I always have been suspicious of “diva worship,” because there seems to be an element of exaggerated enthusiasm in it, looking an awful lot like a camp response. Often, it attaches to aging divas, one-hit wonders, divas on the way down, or singers with well-known personal problems, but all of them still carrying on as if all were well.

To put it in a very condensed form, gay men are for obvious reasons largely immune to the diva’s sexuality or sensuality, but can be attracted to or fascinated by the performance of that sensuality, her effort to generate it for the audience. Gay men certainly know all about the performance of an image, and the distance between that and reality.

In a way, gay men use the distance they perceive between the performance of the diva’s program and the “performance” of sensuality the diva intends—the performance of her image—as a way of entertaining themselves and their friends.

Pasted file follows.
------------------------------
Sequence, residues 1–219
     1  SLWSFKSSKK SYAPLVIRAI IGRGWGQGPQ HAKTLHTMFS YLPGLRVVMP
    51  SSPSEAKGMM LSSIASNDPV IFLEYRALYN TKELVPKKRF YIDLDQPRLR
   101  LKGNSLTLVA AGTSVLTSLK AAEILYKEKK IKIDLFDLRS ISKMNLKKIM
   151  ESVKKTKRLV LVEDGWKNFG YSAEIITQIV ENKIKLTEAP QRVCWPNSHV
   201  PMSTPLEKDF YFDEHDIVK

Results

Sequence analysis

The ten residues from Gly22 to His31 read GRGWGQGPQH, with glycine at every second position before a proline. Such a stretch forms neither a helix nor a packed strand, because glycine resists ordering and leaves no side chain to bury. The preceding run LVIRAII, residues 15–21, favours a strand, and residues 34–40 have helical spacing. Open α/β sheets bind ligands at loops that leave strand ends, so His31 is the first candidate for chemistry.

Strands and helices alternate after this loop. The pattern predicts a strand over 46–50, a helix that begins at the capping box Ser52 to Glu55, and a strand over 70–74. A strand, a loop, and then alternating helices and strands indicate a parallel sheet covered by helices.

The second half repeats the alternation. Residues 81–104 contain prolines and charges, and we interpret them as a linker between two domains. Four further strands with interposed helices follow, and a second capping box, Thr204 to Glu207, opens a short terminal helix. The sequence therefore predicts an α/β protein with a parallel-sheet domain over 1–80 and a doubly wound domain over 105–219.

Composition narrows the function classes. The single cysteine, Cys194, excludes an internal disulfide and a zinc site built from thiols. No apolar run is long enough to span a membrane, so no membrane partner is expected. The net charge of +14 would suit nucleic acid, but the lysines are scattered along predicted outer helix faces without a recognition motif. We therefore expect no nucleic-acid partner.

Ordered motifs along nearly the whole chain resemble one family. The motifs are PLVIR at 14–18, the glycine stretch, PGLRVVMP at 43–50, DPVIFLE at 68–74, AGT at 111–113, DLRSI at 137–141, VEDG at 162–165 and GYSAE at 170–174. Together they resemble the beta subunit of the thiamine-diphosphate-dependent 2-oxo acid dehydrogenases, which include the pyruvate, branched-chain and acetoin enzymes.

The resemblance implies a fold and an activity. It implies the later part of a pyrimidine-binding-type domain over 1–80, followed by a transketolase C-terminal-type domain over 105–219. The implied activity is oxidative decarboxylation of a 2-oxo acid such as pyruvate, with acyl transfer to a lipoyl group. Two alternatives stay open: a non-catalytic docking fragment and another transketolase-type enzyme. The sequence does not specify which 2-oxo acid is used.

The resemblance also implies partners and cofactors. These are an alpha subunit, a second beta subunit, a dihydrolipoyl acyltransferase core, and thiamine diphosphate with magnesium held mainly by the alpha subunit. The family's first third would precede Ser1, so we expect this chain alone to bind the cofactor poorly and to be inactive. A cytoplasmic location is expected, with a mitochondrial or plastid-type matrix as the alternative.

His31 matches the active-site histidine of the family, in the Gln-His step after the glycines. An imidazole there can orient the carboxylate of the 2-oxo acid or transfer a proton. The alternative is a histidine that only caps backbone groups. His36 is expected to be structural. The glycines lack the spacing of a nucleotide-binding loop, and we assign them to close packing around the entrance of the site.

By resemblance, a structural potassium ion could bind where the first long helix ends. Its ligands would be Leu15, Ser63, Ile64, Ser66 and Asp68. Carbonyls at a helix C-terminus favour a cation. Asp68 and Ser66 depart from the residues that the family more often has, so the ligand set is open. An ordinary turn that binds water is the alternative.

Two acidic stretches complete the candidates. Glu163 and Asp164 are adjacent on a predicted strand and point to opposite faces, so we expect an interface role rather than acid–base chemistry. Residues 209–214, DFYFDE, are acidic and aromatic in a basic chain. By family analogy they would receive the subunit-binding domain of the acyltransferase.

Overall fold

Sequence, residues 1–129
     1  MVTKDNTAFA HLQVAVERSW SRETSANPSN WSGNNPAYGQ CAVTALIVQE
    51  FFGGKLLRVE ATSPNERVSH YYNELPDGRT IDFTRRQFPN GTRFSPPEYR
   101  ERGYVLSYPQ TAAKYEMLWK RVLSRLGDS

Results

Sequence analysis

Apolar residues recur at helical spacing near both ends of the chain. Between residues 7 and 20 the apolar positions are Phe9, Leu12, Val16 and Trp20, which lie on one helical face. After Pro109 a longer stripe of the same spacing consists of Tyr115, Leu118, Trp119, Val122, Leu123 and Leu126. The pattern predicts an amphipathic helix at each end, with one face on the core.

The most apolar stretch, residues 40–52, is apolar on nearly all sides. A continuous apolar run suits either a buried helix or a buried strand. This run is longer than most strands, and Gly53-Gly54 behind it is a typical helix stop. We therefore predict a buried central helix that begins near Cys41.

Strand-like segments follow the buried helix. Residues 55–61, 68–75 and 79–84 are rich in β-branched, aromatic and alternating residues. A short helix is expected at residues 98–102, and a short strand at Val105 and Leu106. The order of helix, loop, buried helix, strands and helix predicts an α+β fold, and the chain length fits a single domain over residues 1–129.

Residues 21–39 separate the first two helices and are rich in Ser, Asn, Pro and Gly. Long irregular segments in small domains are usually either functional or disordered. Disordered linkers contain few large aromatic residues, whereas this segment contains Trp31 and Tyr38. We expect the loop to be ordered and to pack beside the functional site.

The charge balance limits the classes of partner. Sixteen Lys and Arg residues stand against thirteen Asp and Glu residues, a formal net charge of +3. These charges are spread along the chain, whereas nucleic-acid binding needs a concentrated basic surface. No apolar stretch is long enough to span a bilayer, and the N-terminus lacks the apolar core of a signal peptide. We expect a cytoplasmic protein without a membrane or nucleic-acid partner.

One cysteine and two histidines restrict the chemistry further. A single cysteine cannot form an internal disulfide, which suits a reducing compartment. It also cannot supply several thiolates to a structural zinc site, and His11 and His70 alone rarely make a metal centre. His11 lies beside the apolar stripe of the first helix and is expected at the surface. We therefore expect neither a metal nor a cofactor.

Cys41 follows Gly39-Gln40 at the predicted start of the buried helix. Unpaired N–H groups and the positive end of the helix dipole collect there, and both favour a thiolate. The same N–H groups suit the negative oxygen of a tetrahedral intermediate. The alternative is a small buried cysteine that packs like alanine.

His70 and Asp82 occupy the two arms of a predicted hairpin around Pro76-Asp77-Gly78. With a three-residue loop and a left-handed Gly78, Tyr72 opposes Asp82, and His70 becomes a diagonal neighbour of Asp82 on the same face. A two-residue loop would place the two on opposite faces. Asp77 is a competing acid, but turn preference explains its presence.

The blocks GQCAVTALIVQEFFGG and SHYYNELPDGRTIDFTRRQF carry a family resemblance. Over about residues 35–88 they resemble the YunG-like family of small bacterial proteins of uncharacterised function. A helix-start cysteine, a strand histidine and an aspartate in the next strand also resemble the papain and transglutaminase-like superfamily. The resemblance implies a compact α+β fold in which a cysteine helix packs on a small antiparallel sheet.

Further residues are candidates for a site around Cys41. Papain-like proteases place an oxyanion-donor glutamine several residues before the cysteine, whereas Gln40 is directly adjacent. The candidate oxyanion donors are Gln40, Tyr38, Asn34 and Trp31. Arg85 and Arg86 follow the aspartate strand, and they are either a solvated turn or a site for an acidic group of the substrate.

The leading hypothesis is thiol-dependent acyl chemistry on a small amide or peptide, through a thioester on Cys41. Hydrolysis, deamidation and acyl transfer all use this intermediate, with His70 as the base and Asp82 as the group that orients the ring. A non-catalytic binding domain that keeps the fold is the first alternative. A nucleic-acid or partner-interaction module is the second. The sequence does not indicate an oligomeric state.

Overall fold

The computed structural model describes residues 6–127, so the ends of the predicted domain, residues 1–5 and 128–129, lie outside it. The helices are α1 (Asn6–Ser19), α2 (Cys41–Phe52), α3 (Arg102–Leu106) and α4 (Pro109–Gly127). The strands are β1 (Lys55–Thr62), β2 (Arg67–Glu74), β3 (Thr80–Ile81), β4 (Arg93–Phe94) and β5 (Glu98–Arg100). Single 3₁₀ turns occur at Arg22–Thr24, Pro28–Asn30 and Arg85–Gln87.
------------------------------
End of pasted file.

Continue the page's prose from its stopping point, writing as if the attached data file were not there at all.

At bottom, it feels exploitative and derisive.

2 Responses to Gay Men Who Annoy Me

  1. Mike Janarch says:

    Regarding gay men and addiction:

    To some extent the victim should be blamed.

    I would guess many addictions begin with the urge to live in above average reality. Lots of gay guys (and straights as well) have very high expectations of what life will deliver. They must be a financial success, a physical success (i.e., the 6-pack hard body, etc.) a social success, a sexual success, an all-round Type A top performer, and more. Some recreational drugs give users that double extra kick that allows them to at least imagine they are surpassing previous experience. Ordinary sex just isn’t exciting enough. What is good for 20 minutes should be FANTASTIC for days. So, meth is chosen for its desired effects. Addiction isn’t an accident.